[lit-ideas] Re: Ye Modern Dialectic

Walter wrote:

Robert does identify a problem in Kant's ethics, though I do not believe
it is as severe as he renders it. (My reading of Kant is open to
criticism. What an odd thing to say. A case of "one thought too
many"?)

My reading of Kant, on the other hand, while open to criticism, is, of course, correct.


Briefly, here's where Walter and I may disagree. I can't extract from Kant any such fine-grained parsing of the descriptions of actions as he seems able to. A maxim, for all practical purposes either just is, or has as its essential component, the description of an action. Kant cannot see the difference between the lying-to-save case, and the lying-for-gain case: to him they're just lying. This seems clear from his insistence, which Walter notes, that lying is always 'categorically forbidden.' Yet lying-to-save is different from lying-for-gain, in pretty much the same way that running to catch a bus and running while taking part in a marathon are different. They are different actions; and if someone wants to say that au fond, they both reduce to 'just running,' he have a somewhat mechanical view of the world. Yet if Kant were to rely in such reductionism ('Well, when you get right down to it, they're no different, being in the one case both just lying and in the other both just running,' he would have shot himself in the foot, for he would be unable to say what Walter has pointed out he _does_ say, about the role of motives, intentions, purposes, and the like, in assessing actions, or proposed actions.

As I'm puzzled, in the good sense, about how an action can just be done for (as I'll put it) no reason, except pure duty, I'll stop and try to think about this for awhile.

Robert Paul
Reed College

I think we can safely claim that Kant was very much attuned to the
importance of motive and purpose in assessing the moral worth of actions
and maxims. This is why Kant typically provides these aspects of a maxim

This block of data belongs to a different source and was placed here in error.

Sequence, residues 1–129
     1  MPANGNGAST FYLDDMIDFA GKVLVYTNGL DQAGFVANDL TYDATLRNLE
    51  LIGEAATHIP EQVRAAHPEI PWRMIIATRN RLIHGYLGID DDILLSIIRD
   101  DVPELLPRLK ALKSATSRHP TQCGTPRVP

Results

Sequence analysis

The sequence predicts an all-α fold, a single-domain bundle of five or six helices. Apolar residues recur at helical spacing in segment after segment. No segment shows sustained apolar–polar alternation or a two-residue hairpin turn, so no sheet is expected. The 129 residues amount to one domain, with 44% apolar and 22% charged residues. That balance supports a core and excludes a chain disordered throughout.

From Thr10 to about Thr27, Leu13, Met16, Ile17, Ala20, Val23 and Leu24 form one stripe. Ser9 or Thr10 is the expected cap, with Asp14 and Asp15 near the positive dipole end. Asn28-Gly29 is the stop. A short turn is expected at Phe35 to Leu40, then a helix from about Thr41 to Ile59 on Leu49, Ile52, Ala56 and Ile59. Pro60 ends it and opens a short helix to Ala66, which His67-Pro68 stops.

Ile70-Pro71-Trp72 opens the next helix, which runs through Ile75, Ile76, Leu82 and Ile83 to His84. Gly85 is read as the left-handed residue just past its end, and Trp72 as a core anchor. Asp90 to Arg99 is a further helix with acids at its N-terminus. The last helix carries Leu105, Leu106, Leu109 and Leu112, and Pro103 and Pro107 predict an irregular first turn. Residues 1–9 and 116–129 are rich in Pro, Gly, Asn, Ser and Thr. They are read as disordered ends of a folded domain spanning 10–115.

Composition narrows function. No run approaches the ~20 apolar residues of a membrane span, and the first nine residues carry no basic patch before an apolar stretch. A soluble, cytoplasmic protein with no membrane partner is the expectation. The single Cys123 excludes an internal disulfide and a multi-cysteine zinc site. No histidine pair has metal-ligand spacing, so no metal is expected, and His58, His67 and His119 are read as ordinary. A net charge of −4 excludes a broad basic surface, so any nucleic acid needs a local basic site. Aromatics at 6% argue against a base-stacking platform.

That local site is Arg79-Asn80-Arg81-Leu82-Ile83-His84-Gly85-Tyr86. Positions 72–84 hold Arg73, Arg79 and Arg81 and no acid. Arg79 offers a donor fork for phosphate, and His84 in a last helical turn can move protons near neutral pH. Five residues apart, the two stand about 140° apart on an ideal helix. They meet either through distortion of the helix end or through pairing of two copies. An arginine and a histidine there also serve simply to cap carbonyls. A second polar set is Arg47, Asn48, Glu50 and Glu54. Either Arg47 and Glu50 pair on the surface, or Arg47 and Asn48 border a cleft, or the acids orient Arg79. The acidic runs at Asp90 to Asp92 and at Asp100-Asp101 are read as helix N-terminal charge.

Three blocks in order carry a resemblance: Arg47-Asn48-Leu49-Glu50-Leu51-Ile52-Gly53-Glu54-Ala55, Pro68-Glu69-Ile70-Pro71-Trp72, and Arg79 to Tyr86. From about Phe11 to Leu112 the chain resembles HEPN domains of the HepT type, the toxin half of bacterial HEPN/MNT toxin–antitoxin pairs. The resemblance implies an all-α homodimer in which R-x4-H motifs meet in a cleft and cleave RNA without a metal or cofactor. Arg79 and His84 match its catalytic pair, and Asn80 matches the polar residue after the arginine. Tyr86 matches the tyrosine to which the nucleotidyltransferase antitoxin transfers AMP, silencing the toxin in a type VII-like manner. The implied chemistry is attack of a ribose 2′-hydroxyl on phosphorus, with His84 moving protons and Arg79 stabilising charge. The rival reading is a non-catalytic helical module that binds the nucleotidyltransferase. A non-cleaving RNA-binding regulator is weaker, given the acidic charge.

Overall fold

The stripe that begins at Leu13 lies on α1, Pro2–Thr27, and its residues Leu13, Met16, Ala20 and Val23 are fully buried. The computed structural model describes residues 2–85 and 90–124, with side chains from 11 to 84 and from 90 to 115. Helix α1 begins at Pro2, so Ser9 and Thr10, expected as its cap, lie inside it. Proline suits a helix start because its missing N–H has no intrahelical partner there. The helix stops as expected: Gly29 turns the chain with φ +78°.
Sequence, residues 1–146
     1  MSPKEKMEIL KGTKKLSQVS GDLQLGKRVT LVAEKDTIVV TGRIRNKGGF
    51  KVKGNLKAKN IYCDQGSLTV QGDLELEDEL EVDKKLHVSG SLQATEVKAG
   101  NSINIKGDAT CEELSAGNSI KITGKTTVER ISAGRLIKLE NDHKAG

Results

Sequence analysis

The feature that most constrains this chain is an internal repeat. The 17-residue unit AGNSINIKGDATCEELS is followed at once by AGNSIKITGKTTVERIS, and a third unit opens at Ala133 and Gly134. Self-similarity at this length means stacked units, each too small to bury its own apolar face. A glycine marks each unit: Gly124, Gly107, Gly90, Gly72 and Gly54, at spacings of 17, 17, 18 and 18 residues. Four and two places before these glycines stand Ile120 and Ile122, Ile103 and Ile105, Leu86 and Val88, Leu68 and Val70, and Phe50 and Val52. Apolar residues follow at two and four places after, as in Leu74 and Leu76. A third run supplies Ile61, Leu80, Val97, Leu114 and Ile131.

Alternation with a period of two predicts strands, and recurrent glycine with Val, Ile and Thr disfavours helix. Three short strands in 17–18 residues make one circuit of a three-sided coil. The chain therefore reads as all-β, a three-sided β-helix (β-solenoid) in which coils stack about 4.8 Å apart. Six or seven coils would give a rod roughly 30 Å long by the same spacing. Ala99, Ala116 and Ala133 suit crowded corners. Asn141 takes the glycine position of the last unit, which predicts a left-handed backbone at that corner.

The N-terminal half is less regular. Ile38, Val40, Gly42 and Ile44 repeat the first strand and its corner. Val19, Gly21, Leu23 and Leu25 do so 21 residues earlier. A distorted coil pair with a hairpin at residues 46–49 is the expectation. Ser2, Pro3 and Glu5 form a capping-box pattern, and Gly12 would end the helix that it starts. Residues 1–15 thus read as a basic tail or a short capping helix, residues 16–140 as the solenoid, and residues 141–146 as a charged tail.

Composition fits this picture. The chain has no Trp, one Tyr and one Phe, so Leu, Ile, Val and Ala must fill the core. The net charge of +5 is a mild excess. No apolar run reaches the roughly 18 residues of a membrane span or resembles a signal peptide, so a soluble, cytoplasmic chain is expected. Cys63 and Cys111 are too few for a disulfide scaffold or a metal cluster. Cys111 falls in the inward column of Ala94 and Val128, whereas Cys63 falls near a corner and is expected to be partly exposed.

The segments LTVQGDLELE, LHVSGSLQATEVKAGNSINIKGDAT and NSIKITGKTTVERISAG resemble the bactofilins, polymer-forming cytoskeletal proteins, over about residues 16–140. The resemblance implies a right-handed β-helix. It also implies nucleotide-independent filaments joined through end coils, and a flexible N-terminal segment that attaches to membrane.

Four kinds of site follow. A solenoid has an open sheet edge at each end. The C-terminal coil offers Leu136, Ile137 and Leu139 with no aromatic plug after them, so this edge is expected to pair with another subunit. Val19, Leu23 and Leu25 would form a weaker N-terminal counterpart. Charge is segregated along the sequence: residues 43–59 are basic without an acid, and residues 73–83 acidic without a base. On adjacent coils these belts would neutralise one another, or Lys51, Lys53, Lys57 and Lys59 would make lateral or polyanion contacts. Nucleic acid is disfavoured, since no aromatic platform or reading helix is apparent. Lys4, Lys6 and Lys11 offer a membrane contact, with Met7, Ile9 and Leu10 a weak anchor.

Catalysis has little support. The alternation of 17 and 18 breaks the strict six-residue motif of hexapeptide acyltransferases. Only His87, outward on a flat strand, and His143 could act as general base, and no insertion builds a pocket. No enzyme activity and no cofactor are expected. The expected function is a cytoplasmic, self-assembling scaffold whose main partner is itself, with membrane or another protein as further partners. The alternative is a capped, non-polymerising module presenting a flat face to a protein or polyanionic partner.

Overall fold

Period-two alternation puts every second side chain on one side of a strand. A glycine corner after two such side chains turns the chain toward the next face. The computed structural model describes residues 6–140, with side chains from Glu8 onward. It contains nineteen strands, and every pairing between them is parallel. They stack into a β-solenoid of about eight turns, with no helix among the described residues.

in his discussions of them. His "maxim schema" is more accurately
represented by: "In circumstances C, I will do A for the purpose of P."
The lying promise discussion is the best known of Kant's maxims. It is
through such a structure that any action is defined as the kind of maxim
it is - i.e., prudential, morally permissible, forbidden, etc.. As I see
it, a maxim *expresses* the motive and purpose of the agent and the action
comes to be *defined* as the particular action it is through the
relationship between motive, purpose and act expressed in the maxim.
 I think that an action on its own is not open to moral assessment on
Kant's terms. (It's legal status is a different matter.) This despite his
claim near the  end of his life, that the act of lying is always
categorically forbidden.  (I believe Kant at times errs in applying his
theory to specific circumstances.) In his prime though, Kant recognized
that motive and purpose are indispensible ingredients of moral worth. The
examples in the Groundwork all ride on this recognition. In the case of
duties of wide latitude, judgment is required and, yes, Kant could have
said more about the kind of judgment that interested Aristotle. I think he
simply had other fish to fry.

We have good grounds for attributing to Kant
a perspicuous recognition of the differences involved in performing the
act of C: giving to charity (acting benevolently):
1. Cing from the motive of augmenting (or in W's case, restoring) one's
reputation
2. Cing because one wants to help others in need and this from a love of
mankind
3. Cing from the motive in 2 where C is morally permissible (promotes the
dignity, moral worth, of agent and recipient and is thus universalizable.)
4. Cing in order to soothe one's conscience (i.e., I murder Paul Stone and
then make a huge donation to the Evangelical Society for the Elimination
of Terror in the World.)

I hope most of this is right.

Cheers, Walter

On Wed, 7 Sep 2005, Robert Paul wrote:


Walter is right: this is a poorly defined (or expressed) maxim: but such
vagueness and generality in the formulation of maxims never seems to
have given Kant much pause. He seems not to have realized that the
specificity of maxims can change the outcome of their tests against the
Procrustean illusion of the CI: given the maxim schema 'do x,' the
generality or specificity of the substitution instances of x obviously
matter. But Kant never distinguishes between the maxim 'tell a lie,' and
the maxim 'tell a lie in order to save the life of an innocent person,'
except to deny that the latter is a different action from the former, as
if 'lying' were all one thing and instances of it all the same 'action.'
What one might propose to do is seldom fine-grained enough in Kant's own
account to allow for such distinctions. It as if he were blind to the
distinction between 'feed a child' and 'feed a starving child.'

Robert Paul
The Reed Institute
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